Attempting to negotiate a way out of a joint mortgage will of course depend on individual circumstances. Also, if there are children involved, things can get even more complicated particularly if the couple relied on each other’s incomes to be able to afford a mortgage in the first place.  

Then there are cases where the partner who has custody of the children cannot afford repayments on their own when they either work part time or they care for the children full time.  In these cases the hope is that a former spouse will continue to make the mortgage payments even if they no longer live in the property.  

This however is asking a lot when that person will wish to move on with life after the marriage has ended.  

If you are the person left in a property unable to make the mortgage payments if your former partner refuses to pay their half, then you can contact your local Citizens Advice about potential benefits you may be able to receive.   

If you do have sufficient funds to cover the mortgage then you may be able to have the mortgage transferred to you as part of a clean break divorce by consent.  

67-year-old millionaire ordered by the Court to leave his home due to accusations of physical and emotional abuse towards Wife

The Family Division at the High Court heard that the Wife in this case, who is in her late 70s, was frightened of her husband, a 67-year-old millionaire from Essex, and took legal action against him. Judge Catriona Murfitt concluded that the Wife was likely to suffer ‘significant harm’ if the Husband stayed in the property any longer and therefore he was ordered to vacate the property.

The Husband went on to appeal this decision, stating that the ruling was ‘unfair’. Mr Justice Baker dismissed this appeal and told the Husband that he had ‘no prospect’ of overturning Judge Murfitt’s initial ruling. Mr Justice Baker went on to say that the Wife claimed ‘that for the duration of the marriage, she had been the emotional punch bag for his insecurities and frustrations’.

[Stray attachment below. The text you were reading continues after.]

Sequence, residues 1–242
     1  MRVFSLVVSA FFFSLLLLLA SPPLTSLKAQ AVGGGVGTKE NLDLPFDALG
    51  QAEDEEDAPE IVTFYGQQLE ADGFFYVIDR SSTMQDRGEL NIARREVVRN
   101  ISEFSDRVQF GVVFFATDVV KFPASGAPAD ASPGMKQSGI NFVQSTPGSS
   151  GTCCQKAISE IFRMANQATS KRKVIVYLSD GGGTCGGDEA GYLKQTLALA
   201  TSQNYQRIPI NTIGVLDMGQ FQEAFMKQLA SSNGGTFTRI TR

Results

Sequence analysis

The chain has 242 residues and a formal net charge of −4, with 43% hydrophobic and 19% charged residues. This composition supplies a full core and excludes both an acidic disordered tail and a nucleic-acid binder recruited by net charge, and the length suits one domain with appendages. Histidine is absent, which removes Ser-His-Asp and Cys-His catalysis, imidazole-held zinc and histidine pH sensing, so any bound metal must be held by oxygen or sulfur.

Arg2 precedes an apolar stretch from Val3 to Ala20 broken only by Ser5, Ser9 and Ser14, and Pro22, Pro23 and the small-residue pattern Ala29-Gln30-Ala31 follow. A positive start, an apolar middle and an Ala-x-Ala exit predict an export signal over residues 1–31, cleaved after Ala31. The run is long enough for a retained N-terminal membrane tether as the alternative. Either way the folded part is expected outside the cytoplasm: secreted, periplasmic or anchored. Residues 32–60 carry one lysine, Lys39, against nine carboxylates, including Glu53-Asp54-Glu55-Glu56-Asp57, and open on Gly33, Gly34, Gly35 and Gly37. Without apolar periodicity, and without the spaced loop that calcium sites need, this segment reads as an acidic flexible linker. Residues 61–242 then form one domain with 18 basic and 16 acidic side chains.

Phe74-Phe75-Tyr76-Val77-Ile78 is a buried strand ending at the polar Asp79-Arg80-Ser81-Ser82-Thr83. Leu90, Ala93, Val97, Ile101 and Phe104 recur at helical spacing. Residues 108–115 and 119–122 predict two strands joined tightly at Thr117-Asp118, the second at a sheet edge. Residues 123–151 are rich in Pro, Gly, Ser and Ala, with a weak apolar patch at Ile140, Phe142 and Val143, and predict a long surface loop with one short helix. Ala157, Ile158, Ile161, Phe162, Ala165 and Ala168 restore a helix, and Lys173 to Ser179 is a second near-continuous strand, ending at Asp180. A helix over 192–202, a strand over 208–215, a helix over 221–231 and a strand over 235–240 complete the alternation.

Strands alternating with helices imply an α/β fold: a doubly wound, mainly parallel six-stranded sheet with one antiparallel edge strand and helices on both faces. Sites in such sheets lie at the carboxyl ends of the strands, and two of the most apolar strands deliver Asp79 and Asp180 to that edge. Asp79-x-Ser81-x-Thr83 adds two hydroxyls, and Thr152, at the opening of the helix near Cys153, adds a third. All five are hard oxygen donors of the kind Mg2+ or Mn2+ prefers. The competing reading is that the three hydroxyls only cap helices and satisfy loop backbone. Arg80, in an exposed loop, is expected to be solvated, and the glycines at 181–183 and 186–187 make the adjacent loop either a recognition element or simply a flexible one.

Mr Justice Baker said that Judge Murfitt held that the Wife was likely to suffer significant harm if an order was not made and that harm was greater than any harm which the Husband was likely to suffer from having to leave the property and he upheld this decision.

Occupation orders

If you are experiencing abuse following your separation or your former partner is acting in a vengeful manner and causing you to fear for your safety in the family home, as outlined in the case above, the Court can issue an occupation order against your former spouse.

An occupation order is an order setting out who has the right to stay, return, or be excluded from a family home. An occupation order doesn’t change the financial ownership of a home, it is usually a short-term measure and the length of time an occupation order lasts will depend on your circumstances. In many cases an order will last for between 6-12 months and some can be renewed. An occupation order can only be made for a property where you both live, did live, or intended to live in as the ‘family home’.